Zero-knowledge proof systems have room for improvement, say cryptography researchers
A report from a16z crypto may give a boost to future zk-based blockchains
Yurchanka Siarhei/Shutterstock modified by Blockworks
More developers may soon be able to play a role in advancing zero-knowledge technology.
Andreessen Horowitz’s crypto research team has published a paper that outlines two new zero-knowledge (zk) proof technologies.
Currently, the two most popular technologies used for zk rollups are zkVMs (zero-knowledge virtual machines) and SNARKs (Succinct Non-Interactive Argument of Knowledge).
SNARKs and zkVMs are both cryptographic constructs that allow participants to prove that their transactions are legitimate without revealing certain details of those transactions. They offer both scalability benefits (since less data needs to be stored and processed) and privacy benefits.
The first zk rollups to reach mainnet have already accumulated over $1 billion in total value locked, per L2beat.
But existing SNARK technology can be significantly improved, Justin Thaler, a research partner at a16z, told Blockworks.
“Current SNARK implementations are sufficiently complicated, they’re almost certainly full of bugs, which could make them useless security-wise,” Thaler said. “We’re talking 10s, 1000s of lines of code, very difficult to understand, and it’s very, very hard to imagine there is not a single bug in these code bases.”
The team at a16z crypto research — in conjunction with researchers from Microsoft, Carnegie Mellon and NYU — have developed a new approach to this problem: Lasso and Jolt.
Meet Lasso and Jolt
Lasso can be used in cryptography to shorten encrypted computational complexities, making them easier to apply practically.
“A key component for modern performative SNARK deployments is something called a lookup argument,” Thaler explained. “Lasso is a new lookup argument with a significantly faster prover.”
Engineers at a16z initially implementing Lasso conclude that it’s an order of magnitude improvement over existing lookup arguments, Thaler said.
“The prover is 10x faster — and that’s with our initial, not very optimized implementation,” he said.
Jolt is a framework used primarily to restructure, convert and change data. Thaler explained that Jolt uses the Lasso lookup argument as a building block to give what is a new approach to designing zkVMs.
“So what we’re doing is turning each step of the virtual machine into a Lasso,” Thaler said.
Simplifying zk tech for developers
This vision is not necessarily new and comes close to realizing what Barry Whitehat from the Ethereum Foundation calls “lookup singularity.”
“The vision is let’s do SNARK design by only doing lookups,” said Thaler. “We won’t have developers coding by hand very optimized circuits, which is very labor intensive and difficult to audit…we’re coming close to achieving a vision that a lookup can do all virtual machine execution with Lasso.”
Riad Wahby, an assistant professor at Carnegie Mellon University and co-author on the research paper, told Blockworks that it’s unlikely that current zk-rollup implementations will directly benefit from the research, but that the next generation might.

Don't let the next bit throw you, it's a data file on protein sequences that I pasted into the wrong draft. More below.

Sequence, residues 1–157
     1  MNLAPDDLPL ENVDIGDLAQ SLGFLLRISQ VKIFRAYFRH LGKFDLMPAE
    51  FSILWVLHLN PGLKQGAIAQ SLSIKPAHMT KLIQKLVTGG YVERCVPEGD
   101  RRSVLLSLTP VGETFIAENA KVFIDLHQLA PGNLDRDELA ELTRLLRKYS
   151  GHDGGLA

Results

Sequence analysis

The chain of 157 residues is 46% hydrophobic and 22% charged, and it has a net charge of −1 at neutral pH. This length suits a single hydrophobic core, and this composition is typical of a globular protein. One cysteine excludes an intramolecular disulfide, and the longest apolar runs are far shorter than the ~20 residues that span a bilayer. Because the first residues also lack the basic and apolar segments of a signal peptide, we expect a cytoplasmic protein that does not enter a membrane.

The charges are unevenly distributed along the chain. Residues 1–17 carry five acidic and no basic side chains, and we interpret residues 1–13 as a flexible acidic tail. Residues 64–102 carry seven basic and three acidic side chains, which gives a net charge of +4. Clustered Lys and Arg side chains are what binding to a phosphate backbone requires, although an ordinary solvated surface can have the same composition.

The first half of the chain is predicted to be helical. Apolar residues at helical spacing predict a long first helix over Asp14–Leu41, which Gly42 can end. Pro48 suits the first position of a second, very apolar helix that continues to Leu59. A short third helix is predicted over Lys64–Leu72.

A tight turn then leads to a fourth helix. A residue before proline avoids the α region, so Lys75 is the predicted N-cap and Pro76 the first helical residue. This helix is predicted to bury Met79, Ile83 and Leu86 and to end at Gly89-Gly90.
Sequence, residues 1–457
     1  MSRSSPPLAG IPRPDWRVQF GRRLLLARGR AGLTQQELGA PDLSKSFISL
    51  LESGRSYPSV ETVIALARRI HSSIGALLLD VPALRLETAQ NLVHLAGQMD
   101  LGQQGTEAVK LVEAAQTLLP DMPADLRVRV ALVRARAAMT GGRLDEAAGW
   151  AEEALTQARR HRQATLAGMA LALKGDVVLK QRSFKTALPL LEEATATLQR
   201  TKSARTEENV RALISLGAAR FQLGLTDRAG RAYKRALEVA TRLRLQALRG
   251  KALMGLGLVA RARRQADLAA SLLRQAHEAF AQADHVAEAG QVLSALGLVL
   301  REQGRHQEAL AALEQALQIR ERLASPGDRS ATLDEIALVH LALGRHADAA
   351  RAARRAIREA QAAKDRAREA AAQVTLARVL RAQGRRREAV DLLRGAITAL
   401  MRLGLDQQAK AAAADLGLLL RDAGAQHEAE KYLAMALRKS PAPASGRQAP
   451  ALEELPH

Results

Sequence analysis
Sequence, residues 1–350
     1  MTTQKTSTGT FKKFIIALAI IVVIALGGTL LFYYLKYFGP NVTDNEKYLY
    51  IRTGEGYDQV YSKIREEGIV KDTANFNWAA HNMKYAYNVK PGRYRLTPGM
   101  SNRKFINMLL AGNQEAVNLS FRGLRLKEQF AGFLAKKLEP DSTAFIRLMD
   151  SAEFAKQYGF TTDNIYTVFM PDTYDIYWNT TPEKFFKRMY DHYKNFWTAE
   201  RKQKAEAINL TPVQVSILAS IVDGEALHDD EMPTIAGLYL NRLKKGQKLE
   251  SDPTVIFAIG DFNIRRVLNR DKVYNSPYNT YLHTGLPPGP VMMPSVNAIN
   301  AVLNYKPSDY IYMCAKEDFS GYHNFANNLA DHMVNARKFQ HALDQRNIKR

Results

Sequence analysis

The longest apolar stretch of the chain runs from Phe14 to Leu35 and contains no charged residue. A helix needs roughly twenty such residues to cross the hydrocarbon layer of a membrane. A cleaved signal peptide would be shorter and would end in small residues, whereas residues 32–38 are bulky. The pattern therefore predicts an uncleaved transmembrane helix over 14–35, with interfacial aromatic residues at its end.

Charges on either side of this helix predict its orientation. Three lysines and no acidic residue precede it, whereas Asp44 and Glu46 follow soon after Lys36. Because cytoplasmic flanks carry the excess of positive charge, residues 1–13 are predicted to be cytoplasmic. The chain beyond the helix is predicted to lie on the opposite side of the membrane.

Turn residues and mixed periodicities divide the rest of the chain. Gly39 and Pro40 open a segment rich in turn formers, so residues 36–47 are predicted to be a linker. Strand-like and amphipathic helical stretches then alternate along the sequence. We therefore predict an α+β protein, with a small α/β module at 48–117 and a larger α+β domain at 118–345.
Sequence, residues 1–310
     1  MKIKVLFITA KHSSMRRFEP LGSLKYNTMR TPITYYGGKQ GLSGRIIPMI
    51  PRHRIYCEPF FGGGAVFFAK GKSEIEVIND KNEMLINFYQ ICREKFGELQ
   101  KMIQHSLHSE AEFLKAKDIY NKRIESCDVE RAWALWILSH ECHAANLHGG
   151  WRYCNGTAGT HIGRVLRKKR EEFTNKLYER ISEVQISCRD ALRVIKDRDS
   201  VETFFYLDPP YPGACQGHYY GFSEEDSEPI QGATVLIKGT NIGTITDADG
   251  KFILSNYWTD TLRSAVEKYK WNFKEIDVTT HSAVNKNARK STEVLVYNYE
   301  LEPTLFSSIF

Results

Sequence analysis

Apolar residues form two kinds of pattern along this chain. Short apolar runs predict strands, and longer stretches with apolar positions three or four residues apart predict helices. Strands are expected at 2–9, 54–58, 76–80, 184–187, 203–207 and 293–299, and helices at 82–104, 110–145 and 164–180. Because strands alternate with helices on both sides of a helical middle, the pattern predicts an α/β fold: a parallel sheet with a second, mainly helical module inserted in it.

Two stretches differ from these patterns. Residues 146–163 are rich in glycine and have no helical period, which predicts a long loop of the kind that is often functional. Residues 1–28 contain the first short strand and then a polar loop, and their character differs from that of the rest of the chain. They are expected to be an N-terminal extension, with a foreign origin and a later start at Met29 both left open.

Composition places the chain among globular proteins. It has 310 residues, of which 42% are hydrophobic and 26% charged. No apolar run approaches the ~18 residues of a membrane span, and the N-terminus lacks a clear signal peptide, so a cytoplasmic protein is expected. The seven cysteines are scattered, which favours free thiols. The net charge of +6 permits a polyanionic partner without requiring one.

“For me that’s where the real excitement comes with something like Lasso is that it really enables like much more efficient general purpose, generally programmable proving systems,” Wahby told Blockworks. “Instead of having maybe 100 people in the world who can make significant progress on building the next roll-up, now it’s much wider open, and we’ll see much more innovation.”
Lowering barriers to use elliptic curve cryptography
SNARKs often use a combination of cryptographic primitives, including but not limited to elliptic curve cryptography (ECC) and hashing.
Hashing and ECC are designed for different cryptographic purposes, and while hashing is critical for data integrity checks, ECC is commonly used for encryption and digital signature purposes.
“There’s nothing fundamentally insecure about hashing-based SNARKS. But for hashing-based SNARKS, they give the protocol designer the flexibility to trade off performance for security,” Thaler said.
The benefit of the Lasso and Jolt technique, Thaler contended, is that it is designed to make elliptic curve cryptography more performative and efficient and removes the need to rely on hashing.
“People who really care about performance might no longer feel such a push to go to the hashing-based [SNARKS],” he said.
Is it VHS vs Betamax or VHS to DVD?
In the immediate term, the a16z crypto research team has published a draft version of the code on a16z’s GitHub page and hopes to receive external contributions.
“Taking Lasso and turning it into Jolt will be a significant effort. And we’re hoping not just to do it ourselves,” Thaler said.
In the long term, Thaler hopes the wider ecosystem will build on the code base and techniques introduced by its research paper.
Wahby thinks there is a year or two of engineering work ahead before the research can be turned into production-ready proof systems.
“It’s sort of a total ground up redesign,” Wahby said. But the potential benefits may be worth the wait. “We certainly have room for a VHS to DVD kind of jump,” he said.
Alex Pruden, CEO of Aleo, a privacy-focused zk-based blockchain, told Blockworks in an interview that there are several techniques from the Lasso paper that it plans to integrate.
“Lasso builds on a body of prior work, and the innovations described in the paper are exactly why an open-source ecosystem is such a powerful force for innovation.” Pruden said.
Updated Aug. 10, 2023 at 12:18 pm: Lasso is also not an acronym, as was stated in a previous version of this article. It also listed an incorrect title for Riad Wahby. He is an assistant professor at Carnegie Mellon University.
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